Dissertations, Theses, and Capstone Projects

Date of Degree


Document Type


Degree Name



Computer Science


Saptarshi Debroy

Committee Members

Raffi Khatchadourian

Kaliappa Ravindran

Prasad Calyam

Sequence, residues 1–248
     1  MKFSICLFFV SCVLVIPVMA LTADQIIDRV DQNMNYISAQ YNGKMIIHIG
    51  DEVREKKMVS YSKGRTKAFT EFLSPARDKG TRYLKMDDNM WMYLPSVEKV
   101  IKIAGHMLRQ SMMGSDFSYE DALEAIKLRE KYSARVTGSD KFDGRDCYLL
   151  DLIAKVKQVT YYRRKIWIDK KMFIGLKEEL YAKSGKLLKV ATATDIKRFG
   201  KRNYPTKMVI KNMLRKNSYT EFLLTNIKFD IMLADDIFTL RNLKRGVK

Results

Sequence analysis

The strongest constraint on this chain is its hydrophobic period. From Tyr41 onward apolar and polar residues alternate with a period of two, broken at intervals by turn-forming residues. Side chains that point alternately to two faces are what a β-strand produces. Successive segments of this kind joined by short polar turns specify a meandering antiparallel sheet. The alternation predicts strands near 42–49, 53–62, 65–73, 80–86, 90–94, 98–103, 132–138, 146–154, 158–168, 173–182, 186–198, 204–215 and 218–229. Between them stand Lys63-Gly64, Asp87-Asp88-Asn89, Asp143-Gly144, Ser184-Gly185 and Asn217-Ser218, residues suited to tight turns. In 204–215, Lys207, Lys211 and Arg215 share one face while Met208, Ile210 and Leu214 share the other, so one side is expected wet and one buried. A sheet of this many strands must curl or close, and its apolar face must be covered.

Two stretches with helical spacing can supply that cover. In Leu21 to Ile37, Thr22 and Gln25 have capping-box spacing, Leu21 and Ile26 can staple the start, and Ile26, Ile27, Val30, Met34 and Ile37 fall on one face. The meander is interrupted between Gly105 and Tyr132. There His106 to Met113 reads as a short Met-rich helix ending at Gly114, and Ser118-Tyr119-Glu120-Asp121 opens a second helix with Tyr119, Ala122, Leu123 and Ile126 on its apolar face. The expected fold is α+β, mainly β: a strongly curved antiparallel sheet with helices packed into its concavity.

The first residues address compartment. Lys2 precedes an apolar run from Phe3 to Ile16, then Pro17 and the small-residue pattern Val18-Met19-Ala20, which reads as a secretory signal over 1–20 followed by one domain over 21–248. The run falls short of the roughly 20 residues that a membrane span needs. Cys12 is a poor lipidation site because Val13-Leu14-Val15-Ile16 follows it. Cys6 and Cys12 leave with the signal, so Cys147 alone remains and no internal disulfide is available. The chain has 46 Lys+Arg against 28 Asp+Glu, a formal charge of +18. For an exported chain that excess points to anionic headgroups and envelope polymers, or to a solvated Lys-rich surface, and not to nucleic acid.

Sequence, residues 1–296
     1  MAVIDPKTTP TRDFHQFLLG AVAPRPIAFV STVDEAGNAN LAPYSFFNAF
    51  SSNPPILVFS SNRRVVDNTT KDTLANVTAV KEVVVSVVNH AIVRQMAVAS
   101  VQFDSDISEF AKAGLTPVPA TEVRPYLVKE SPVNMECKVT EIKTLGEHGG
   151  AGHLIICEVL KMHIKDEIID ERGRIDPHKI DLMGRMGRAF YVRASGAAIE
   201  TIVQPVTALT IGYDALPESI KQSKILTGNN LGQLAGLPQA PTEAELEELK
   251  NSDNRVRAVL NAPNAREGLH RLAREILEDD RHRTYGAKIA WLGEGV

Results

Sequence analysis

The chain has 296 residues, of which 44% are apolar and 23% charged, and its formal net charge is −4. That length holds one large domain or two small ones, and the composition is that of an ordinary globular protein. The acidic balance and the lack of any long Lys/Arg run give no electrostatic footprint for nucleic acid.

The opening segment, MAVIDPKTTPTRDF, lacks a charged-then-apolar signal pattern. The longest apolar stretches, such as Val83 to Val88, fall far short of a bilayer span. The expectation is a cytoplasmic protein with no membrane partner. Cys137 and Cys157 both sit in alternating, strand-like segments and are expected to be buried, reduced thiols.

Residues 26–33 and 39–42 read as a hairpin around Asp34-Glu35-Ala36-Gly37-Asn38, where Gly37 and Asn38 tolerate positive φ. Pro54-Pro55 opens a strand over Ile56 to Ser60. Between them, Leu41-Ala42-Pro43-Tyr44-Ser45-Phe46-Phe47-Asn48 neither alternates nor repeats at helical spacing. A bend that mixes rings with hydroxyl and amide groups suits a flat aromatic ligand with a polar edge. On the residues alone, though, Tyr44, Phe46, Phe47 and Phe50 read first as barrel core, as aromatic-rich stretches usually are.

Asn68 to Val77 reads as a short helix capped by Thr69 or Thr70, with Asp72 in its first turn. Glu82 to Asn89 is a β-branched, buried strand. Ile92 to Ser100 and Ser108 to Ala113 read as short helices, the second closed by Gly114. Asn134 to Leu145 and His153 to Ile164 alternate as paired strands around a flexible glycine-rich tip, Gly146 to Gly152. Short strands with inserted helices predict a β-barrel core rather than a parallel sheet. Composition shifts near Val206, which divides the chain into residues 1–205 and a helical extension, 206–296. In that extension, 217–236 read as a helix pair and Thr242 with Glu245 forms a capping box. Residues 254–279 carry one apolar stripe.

Data-intensive science applications in areas such as high-energy and particle physics, bioinformatics, genomics, and healthcare are increasingly using distributed resources for computation and storage. For distributed systems, such applications can be represented in terms of: i) the involved data (e.g., sensitive healthcare data requiring HIPAA-compliance) and ii) the different lifecycle stages of processing, transfer, and storage that the data goes through (i.e., the application workflow which is typically represented as a directed acyclic graph). In most cases, such applications have specific performance (i.e., in terms of compute/networking/storage resources) and security requirements for both the data and workflow stages. Hence, more often than not, applications have to rely on cloud, edge, and high performance computing (HPC) resources residing outside the boundaries of their home network or data generation site. However, such remote network domains (enterprise or institutional) have their own resource usage, security, and cost policies/rules that these multi-domain applications must comply with. This research seeks to examine the interactions and inter-conflicts among application requirements (both performance and security) and domain policies. The dissertation also explores how distributed system management strategies should consider such interactions and inter-conflicts towards efficient and effective resource management. In particular, the contributions of this dissertation are: i) a resource broker framework for data-intensive workflow management in distributed data centers; ii) trustworthy resource management within volunteer edge computing (VEC) systems; iii) trustworthy healthcare data brokering between data users and data custodians; and iv) loss of availability risk mitigation for data-intensive applications within distributed environments. This dissertation advances the current knowledge on how to balance data-intensive applications' performance and security requirements while performing resource allocations across distributed environments to reduce turnaround times in a secured and policy-compliant manner. The data-intensive application communities can benefit from the proposed approaches and augment their state-of-the-arts.

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